Like most of the Chitpavan Brahmins, Savarkar’s ancestors originally hailed from the Konkan region. During the Peshwa rule, they were one of the more prominent families, and also had the Jagirdari of Rahgur, a small village in Ahmednagar district. Known for their eminence in Sanskrit scholarship, his ancestors were widely respected and also enjoyed the honor of being carried in the palanquin. His father Damodarpant, took pride in his roots, and the glorious past of ancient India, while his mother Radhabai was a pious and beautiful lady. Vinayak was the second of four children, he had an elder brother Ganesh, a sister Mainabai and the youngest of them all Narayan. His parents would recite several passages from the Mahabharat and Ramayan, as also the stories of Shivaji, Rana Pratap and the great Peshwas. The stories of the great heroes, as also the moral values of the epics, left a deep impression on Vinayak’s mind, and he would draw inspiration from them later in his life. Being a bright student, he excelled in studies at school, and was a voracious reader. He was writing poems at an age of just ten years, and newspapers in Pune published them, not even knowing they were written by a small boy. An insatiable thirst for knowledge, an elephantine memory, a voice that impressed listeners, made Vinayak a remarkable personality. For all his intelligence and knowledge, Vinayak however was as normal as any school going child, full of mischief and who loved to play.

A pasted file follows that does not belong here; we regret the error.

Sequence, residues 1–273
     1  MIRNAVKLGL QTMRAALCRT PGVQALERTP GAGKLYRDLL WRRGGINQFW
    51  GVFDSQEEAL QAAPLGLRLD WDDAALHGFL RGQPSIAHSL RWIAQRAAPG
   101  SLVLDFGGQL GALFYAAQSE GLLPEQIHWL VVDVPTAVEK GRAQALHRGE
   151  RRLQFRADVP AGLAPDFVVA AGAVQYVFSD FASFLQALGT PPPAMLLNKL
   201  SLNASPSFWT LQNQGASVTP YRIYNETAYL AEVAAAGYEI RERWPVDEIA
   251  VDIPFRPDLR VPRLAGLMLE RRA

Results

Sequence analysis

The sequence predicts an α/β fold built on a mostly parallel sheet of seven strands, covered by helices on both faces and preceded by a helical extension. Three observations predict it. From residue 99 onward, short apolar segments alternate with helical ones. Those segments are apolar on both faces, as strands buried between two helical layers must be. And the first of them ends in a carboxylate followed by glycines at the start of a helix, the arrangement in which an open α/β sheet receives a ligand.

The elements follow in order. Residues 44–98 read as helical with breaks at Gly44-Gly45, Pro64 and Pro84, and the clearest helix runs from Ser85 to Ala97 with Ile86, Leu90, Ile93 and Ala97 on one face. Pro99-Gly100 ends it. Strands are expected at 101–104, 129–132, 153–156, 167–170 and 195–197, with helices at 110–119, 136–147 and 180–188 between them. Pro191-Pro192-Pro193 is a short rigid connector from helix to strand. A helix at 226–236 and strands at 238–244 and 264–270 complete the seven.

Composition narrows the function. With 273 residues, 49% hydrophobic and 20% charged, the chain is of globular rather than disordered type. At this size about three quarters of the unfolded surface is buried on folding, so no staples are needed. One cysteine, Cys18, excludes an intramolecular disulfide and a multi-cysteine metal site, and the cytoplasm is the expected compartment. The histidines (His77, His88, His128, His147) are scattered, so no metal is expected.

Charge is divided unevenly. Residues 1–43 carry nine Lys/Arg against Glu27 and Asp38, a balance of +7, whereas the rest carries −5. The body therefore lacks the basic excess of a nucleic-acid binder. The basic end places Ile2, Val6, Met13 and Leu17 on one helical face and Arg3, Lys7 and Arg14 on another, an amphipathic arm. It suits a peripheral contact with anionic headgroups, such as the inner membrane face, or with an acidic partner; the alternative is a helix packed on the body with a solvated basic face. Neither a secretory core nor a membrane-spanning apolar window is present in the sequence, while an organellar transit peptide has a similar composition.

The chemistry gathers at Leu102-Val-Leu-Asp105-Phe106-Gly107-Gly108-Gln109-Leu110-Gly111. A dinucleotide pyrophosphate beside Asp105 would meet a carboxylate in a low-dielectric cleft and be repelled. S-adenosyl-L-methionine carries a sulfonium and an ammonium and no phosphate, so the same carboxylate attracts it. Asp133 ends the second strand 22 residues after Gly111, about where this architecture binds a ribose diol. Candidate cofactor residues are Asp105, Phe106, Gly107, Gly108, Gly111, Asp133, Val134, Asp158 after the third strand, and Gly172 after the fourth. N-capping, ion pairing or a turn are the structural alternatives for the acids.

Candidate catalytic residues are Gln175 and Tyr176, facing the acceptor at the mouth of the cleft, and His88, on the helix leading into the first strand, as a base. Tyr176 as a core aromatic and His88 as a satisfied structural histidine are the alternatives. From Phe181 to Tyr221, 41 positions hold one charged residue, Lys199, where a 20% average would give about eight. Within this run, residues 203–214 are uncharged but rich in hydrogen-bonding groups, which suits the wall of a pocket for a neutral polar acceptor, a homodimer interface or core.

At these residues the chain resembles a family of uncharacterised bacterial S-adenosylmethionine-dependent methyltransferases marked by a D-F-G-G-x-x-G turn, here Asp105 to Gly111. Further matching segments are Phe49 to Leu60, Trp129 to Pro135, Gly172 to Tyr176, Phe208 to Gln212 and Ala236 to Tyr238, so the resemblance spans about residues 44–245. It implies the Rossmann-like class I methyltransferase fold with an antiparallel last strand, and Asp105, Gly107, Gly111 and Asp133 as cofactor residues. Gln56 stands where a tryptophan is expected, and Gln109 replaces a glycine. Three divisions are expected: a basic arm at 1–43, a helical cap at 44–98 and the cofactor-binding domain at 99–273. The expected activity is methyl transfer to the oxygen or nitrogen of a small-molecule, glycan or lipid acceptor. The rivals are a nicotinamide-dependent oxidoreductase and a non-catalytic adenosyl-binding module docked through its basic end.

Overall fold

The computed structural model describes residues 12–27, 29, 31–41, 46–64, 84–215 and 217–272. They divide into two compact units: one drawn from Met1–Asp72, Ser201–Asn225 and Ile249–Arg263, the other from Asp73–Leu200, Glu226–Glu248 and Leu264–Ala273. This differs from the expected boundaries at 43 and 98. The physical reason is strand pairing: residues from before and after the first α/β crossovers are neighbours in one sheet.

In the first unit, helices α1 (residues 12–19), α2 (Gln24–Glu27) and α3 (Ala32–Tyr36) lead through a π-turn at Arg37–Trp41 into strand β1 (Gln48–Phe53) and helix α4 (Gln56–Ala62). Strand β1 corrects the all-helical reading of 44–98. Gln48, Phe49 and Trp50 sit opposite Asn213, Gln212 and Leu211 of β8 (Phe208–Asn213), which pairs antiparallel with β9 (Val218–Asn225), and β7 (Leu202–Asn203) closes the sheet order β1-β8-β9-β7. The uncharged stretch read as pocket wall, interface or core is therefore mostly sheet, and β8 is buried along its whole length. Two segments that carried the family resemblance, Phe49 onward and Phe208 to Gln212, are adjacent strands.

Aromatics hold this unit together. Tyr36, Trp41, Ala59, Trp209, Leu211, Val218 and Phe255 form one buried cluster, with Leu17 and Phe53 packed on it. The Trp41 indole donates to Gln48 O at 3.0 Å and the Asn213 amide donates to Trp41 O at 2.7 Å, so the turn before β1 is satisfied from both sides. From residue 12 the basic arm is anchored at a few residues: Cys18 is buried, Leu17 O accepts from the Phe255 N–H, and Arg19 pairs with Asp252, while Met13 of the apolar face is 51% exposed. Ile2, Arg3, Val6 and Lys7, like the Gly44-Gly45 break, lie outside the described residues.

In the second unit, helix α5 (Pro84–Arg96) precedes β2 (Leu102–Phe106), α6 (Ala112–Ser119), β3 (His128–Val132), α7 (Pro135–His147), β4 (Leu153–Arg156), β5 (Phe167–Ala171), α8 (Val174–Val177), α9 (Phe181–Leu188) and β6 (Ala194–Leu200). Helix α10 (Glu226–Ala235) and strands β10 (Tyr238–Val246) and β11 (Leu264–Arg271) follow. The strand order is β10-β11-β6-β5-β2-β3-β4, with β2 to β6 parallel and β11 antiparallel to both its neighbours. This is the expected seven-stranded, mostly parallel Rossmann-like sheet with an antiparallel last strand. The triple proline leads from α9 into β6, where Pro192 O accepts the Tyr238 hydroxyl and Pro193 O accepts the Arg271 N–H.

In June 1893, communal riots broke out in Azamgarh, Uttar Pradesh, between Hindus and Muslims, and later in Mumbai too. The reports of the atrocities of Muslims on Hindus reached Vinayak, who vowed to pay back, his blood boiling with anger. Leading a bunch of school mates, he attacked the local mosque, broke it’s windows, it was his initiation into direct action. The seeds of political activism and revolution were laid in him at that instant. Though the Muslims hit back, Savarkar along with his friends managed to beat them back. Soon he was training and organizing a group in the village.
It was around this time that Vinayak moved to Nashik, which then was in the throes of a revolutionary movement. A deadly plague had struck Pune somewhere in the end of 1896, and by January 1897, the entire city was engulfed in an epidemic. The British adopted draconian measures to combat the epidemic in March 1897. Barging into private homes, examining the occupants, forcibly removing personal possessions, segregating families into camps. The high handedness of the British officers, and their rough measures, infuriated the people of Pune, who had to bear the brunt. It was around this time, Balkrishna, Damodar and Vasudev also called as the Chapekar brothers, assassinated the commissioner W.C.Rand , unpopular for his draconian measures.